Review - After Reset: The Fall of Gyes

"I thought I saw...something."

The saying goes that in space, no one can hear you scream. That may or may not be true, but the idea is that there are terrors out there we're no equipped to handle. After Reset: The Fall of Gyes from Black Cloud Studios looks at a different kind of terror that's rooted in the same unknowns. The issue is written by Richard Nixon and Jeremy Wilfinger, illustrated by Adam Burn and lettered by Peter Cooper.

It is here that our story takes place, in the outpost called: Gyes. A 20-year-old intern of the United Government’s Military Corps has just completed his last year of training. Everything seems to be falling into place for him. The job, the girlfriend, a place of prominence in his own corner of the world. Then They came. Surface dwellers. Killers. Thieves. It seemed impossible. How could anyone on the surface have survived the Reset? Yet there they were. With Gyes defenses sabotaged, its containment units failing, biological samples that were once secured in a deep freeze are now exposed to open air… and everything falls apart. Surrounded on all sides by Stalkers, biomass horrors and a collapsing structure, will this young, wet-behind-the-ears intern survive? Could anyone?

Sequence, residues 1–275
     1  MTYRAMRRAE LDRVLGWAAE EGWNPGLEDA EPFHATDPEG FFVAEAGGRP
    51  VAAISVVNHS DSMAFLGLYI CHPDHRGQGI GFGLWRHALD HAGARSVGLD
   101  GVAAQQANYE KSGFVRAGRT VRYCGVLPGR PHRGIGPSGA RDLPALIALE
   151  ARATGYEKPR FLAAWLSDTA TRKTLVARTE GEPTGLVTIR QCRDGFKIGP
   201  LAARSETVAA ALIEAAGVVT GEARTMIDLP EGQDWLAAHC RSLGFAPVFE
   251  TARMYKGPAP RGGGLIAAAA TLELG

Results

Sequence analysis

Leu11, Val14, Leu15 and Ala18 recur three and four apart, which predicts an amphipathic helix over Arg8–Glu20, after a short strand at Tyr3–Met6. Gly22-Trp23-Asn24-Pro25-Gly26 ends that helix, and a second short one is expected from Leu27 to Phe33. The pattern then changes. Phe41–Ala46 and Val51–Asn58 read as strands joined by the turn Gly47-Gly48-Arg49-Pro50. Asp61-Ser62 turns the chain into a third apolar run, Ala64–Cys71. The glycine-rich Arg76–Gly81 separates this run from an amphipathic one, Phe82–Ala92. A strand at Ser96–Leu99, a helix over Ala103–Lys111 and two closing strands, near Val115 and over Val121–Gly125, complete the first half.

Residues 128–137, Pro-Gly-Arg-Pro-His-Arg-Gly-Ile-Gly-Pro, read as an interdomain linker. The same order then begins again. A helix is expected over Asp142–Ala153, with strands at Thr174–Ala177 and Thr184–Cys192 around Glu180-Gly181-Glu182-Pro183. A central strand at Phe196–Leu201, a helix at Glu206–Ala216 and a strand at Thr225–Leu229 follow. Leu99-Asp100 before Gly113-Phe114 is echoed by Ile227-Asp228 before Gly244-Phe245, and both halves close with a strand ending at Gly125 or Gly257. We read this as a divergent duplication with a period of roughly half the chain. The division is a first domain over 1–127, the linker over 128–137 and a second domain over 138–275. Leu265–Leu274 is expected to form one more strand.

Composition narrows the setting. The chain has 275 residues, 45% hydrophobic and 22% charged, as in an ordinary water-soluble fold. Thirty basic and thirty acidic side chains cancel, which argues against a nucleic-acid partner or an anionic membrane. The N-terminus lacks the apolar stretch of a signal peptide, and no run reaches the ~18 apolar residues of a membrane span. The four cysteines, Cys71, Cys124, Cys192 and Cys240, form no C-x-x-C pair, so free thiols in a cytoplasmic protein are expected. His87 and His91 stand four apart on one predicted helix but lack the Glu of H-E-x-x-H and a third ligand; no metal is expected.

For much of After Reset: The Fall of Gyes, the action feels frenetic. Nixon and Wilfinger do a good job of keeping things moving very quickly and getting the reader caught up in the panic of the moment. The thing is, the build-up is so frenetic that there's really no time for storytelling and the plot feels a little incomplete. Creating a tense atmosphere, Nixon and Wilfinger rely on the intrusion of alien creatures ravaging the outpost, but they don't really do much to explain why they're doing that or what they actually are. There's also a scene that feels a little erratic where a doctor finds time to do blood tests--that in and of itself isn't too crazy, but considering the gravity of the situation they're faced with it feels a little too convenient.

The artwork in After Reset: The Fall of Gyes relies on being photorealistic. In that sense, Burn does a fantastic job, giving the characters more heft and physical weight. The lifelike quality of the artwork makes the book easy to follow and the environments reflect an appropriate level of futurism. Renderings of the aliens are pretty terrifying and Burn doesn't pull any punches in presenting them as such. The colors are largely darker and contribute to the moody setting of the outpost and the chaos within.

After Reset: The Fall of Gyes doesn't rely on a new premise, but it does tap into familiar territory well. The plot moves along relatively briskly and doesn't really give the reader any chance to catch their breath. Nixon and Wilfinger draw upon familiar stories to recount their own tale of survival horror. Burn's illustrations are rich and contribute greatly to the overall narrative. Fans of franchises like Dead Space will definitely want to give After Reset: The Fall of Gyes a read.

After Reset: The Fall of Gyes is available now.